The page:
Master's Theses

Date of Award

2010

Document Type

Thesis

Department

Chemical Engineering

Keywords

Elecrochemistry, Arduino, Galvanostat

Abstract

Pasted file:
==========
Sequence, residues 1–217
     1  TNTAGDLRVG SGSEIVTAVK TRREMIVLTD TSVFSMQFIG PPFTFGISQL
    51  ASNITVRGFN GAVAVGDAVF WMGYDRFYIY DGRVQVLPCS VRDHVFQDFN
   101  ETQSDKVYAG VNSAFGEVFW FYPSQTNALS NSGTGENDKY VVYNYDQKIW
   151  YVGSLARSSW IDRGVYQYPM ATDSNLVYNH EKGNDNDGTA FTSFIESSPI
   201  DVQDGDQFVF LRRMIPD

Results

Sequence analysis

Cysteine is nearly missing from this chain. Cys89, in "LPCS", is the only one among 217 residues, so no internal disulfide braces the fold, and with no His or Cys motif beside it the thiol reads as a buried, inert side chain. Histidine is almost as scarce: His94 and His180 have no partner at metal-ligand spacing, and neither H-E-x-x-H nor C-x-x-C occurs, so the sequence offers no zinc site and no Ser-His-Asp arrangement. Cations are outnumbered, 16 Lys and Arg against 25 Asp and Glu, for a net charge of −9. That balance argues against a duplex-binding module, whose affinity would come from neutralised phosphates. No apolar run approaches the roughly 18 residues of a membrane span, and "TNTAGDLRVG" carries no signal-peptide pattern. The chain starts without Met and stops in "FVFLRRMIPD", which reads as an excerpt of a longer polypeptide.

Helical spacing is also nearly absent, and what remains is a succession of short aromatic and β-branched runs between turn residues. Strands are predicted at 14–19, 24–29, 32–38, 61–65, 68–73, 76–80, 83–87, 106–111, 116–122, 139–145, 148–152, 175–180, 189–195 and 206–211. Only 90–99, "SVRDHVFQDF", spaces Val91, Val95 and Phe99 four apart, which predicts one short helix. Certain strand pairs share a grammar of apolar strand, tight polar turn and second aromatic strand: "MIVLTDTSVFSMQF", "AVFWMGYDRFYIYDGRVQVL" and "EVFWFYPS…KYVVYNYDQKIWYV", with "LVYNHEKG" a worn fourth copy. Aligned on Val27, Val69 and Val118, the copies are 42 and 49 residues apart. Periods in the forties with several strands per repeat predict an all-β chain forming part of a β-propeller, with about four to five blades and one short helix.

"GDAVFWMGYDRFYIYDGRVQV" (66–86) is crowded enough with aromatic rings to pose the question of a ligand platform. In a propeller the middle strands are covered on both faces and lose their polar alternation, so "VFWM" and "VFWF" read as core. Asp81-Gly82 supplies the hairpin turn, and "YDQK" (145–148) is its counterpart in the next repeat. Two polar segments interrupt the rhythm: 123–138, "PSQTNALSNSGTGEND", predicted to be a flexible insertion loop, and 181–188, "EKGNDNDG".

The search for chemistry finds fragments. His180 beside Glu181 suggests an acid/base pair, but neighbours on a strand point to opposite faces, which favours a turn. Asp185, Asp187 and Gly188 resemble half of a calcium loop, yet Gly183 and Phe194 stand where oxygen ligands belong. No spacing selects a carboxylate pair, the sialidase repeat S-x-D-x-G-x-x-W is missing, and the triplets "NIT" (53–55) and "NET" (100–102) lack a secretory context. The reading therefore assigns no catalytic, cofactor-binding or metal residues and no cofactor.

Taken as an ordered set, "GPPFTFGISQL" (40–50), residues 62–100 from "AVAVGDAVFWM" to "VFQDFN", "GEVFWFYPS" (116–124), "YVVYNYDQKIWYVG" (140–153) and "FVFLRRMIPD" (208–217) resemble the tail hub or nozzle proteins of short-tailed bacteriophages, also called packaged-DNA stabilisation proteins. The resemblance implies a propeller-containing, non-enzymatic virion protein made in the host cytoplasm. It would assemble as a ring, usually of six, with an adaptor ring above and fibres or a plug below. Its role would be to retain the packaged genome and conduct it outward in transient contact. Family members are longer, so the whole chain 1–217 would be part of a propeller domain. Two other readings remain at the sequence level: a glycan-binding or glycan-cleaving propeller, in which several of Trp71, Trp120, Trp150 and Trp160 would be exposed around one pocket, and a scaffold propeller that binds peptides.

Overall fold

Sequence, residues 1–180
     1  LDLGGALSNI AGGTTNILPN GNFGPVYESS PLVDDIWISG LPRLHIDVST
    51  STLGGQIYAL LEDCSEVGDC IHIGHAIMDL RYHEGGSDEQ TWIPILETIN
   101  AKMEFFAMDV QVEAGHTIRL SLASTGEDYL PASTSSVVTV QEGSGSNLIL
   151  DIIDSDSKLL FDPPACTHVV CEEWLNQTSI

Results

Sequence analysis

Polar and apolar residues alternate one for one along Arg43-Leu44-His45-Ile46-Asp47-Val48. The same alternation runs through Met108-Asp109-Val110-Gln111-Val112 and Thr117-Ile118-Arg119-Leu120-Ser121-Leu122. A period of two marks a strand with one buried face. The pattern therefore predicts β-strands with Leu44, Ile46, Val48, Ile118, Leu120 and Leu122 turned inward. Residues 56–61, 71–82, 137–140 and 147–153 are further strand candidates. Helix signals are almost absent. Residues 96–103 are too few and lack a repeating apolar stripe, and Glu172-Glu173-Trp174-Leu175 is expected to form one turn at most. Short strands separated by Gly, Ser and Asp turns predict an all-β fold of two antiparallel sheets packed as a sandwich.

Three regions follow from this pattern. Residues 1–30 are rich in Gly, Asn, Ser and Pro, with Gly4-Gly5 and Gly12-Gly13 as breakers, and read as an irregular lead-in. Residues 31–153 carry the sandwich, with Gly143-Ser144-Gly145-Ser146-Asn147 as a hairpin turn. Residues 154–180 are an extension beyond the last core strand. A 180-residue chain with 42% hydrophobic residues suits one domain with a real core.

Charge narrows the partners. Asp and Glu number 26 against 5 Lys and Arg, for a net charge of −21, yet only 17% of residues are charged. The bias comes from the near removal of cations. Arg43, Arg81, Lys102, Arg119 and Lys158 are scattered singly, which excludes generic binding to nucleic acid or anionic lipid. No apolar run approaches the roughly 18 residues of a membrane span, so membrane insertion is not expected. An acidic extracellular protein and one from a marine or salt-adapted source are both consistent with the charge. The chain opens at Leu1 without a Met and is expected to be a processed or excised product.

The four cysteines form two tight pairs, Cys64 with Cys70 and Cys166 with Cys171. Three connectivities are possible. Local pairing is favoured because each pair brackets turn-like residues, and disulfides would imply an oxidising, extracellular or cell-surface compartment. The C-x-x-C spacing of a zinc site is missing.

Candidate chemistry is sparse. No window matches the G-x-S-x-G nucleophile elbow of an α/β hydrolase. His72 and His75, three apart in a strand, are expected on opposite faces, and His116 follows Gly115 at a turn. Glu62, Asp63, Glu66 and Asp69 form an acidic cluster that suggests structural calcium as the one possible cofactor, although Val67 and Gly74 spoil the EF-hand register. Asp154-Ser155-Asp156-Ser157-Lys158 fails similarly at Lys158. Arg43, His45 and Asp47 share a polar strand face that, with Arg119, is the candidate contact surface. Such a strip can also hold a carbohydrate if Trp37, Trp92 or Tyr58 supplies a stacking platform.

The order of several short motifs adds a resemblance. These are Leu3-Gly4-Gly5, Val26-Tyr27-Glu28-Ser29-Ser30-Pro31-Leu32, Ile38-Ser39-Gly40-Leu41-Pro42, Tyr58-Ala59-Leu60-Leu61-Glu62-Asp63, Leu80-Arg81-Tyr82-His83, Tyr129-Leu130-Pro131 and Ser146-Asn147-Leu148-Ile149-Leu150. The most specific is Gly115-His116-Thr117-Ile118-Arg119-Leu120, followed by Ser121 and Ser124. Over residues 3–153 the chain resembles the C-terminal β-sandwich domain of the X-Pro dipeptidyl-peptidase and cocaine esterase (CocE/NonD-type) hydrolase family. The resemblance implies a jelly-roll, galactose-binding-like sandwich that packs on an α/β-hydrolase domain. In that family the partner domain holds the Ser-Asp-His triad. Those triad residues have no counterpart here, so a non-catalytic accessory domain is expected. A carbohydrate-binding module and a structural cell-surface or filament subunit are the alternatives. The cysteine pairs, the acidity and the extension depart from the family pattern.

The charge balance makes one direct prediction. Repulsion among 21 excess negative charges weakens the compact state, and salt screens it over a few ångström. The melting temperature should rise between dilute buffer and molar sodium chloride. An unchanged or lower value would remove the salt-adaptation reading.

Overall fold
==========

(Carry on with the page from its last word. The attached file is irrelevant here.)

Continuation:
"The goal of this project was to investigate the use of segmented electrodes to control the current distribution through an electrochemical cell. To achieve this goal, the project was separated into two parts, designing a scalable piece of hardware that could create a current distribution, and then using that hardware to create noticeable changes in a system by changing the current distribution within the system. Prior to building the current distribution device, a basic 3-electrode galvanostat was built in order to test its fundamental design characteristics. The design stressed a simplistic hardware, relying on software to control the current. A series of trials were performed to test an implementation of proportional-integral-derivative (PID) control in the software, with the aim of improving response to system changes. In some cases, a noticeable improvement in response time was seen using PID control. However, more in depth testing will be required to implement PID reliably. The device used with the segmented electrode was based on the design of this simpler galvanostat. Once built, it was tested in a system of two copper electrodes submerged in a ZnO/KOH solution. Results showed a verifiable ability to control the distribution of current along the segmented electrode, as well as an ability to use this control to affect dendrite growth on both the segmented electrode and its opposing electrode."

 
 

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